We are digitising our processes. The pandemic accelerated the move to digital and more than 80 per cent of all our payments are now contactless.
André Casterman: This year, I celebrate 30 years in fintech. I spent 24 years at SWIFT, working for all the banks on the planet, on various innovations, mainly in transaction banking, and for the last six years I’ve worked with Intix, helping banks make their transaction data accessible and actionable. While I was at SWIFT, not much happened in cross-border payments, besides SWIFT delivering new standards and the market getting interested in processing more and more low-value payments.
But, over the last five years, there have been remarkable, really major innovations both from incumbents, including SWIFT, around transparency, and by major card providers like Visa and Mastercard, which are getting into account-to-account and cross-border payments. Then, of course, ISO 20022, is a convergence to a common data dictionary, supporting an industry-wide move towards more transparency, lower pricing to process lower-value transactions, and real-time processing.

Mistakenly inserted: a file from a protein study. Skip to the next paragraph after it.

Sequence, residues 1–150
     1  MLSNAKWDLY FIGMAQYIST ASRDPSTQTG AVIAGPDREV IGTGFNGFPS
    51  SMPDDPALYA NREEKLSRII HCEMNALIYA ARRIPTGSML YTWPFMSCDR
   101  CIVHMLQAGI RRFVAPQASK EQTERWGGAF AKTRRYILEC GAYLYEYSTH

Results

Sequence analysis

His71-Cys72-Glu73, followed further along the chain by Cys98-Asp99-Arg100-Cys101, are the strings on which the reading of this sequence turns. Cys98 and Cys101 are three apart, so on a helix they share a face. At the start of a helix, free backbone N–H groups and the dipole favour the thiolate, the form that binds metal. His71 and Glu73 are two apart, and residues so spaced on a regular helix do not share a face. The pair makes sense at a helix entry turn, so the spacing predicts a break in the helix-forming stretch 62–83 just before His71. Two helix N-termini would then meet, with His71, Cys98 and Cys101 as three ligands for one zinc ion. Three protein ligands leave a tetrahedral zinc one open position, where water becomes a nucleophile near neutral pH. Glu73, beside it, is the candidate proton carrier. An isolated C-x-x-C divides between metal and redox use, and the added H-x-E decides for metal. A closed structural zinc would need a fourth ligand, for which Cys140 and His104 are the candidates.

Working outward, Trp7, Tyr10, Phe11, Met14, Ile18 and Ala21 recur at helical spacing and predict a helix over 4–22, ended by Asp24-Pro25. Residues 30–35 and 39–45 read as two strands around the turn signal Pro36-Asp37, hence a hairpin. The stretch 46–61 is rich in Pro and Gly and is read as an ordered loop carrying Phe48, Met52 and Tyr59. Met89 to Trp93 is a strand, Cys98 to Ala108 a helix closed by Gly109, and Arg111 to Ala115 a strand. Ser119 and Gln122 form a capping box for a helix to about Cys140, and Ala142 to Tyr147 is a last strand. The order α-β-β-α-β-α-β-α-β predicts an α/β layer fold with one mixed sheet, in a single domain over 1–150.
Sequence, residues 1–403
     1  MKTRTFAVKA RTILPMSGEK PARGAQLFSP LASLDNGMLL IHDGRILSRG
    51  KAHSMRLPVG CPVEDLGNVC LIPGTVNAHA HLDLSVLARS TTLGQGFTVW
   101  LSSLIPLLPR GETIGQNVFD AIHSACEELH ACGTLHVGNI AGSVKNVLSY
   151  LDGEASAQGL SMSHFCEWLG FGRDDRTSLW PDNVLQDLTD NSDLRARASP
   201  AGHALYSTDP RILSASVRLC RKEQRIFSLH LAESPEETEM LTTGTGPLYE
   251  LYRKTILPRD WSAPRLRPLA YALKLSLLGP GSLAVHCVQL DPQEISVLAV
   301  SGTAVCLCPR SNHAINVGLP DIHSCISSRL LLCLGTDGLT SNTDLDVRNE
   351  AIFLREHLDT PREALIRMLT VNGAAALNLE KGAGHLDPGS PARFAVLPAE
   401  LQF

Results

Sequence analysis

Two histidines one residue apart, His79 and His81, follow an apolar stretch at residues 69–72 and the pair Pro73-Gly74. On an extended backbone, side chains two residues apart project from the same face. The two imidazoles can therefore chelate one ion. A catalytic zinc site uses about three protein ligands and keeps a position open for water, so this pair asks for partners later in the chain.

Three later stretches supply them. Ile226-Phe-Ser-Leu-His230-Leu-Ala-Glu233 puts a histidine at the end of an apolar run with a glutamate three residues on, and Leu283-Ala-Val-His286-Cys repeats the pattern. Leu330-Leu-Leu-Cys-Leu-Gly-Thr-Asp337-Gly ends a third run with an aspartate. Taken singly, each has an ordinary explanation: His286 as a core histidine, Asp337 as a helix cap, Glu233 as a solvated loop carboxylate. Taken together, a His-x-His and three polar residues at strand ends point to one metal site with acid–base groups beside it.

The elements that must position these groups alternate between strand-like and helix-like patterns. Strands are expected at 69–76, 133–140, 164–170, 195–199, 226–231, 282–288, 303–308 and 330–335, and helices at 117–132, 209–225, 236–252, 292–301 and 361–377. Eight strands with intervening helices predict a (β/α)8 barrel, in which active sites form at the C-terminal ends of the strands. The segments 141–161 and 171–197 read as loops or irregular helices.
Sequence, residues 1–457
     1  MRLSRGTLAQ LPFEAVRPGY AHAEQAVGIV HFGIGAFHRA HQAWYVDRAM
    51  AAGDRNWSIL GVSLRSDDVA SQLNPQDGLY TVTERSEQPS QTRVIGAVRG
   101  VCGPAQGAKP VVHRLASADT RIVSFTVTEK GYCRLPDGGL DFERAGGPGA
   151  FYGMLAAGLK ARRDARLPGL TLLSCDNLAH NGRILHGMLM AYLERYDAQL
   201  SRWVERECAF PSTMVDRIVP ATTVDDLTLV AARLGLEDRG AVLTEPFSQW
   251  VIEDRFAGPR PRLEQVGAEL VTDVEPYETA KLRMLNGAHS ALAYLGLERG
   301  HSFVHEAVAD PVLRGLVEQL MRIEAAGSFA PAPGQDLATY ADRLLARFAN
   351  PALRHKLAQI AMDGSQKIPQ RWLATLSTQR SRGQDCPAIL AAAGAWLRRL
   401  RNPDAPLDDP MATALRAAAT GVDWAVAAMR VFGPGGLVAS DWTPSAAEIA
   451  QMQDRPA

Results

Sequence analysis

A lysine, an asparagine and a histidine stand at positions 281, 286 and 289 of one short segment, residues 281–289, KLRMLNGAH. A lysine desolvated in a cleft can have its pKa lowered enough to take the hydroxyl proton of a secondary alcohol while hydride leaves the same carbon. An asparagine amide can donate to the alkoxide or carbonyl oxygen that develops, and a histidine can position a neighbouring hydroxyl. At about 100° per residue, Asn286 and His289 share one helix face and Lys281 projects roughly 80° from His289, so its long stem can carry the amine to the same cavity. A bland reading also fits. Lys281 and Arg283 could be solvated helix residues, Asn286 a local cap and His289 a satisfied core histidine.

And that’s all because customers want faster processing, lower cost, more convenience and more information. So, it’s a really exciting space and I think the next five years will be even more so, as we see the results of these innovations materialise. The central banks are getting into the picture as well now. Although more on the retail side, this will also impact wholesale, with central bank digital currencies making the cross-border payments space even more fascinating.
Tino Kam: I head up the product team in transaction banking at Nordea, which includes cash management and payments, consumer and corporate cards and trade finance. We want to be a better digital bank for our customers; to be fully self-service, 24/7, 365 days a year, with real-time connectivity and notifications. From a cross-border perspective, tracking and tracing the status of each payment is very much a part of that, and we are enabling our customers to do that themselves through our own portals, and also with premium API solutions. This is in line with our omnichannel strategy: customers can go to a branch, pick up the phone, access our online portal or make use of our APIs to retrieve the same information.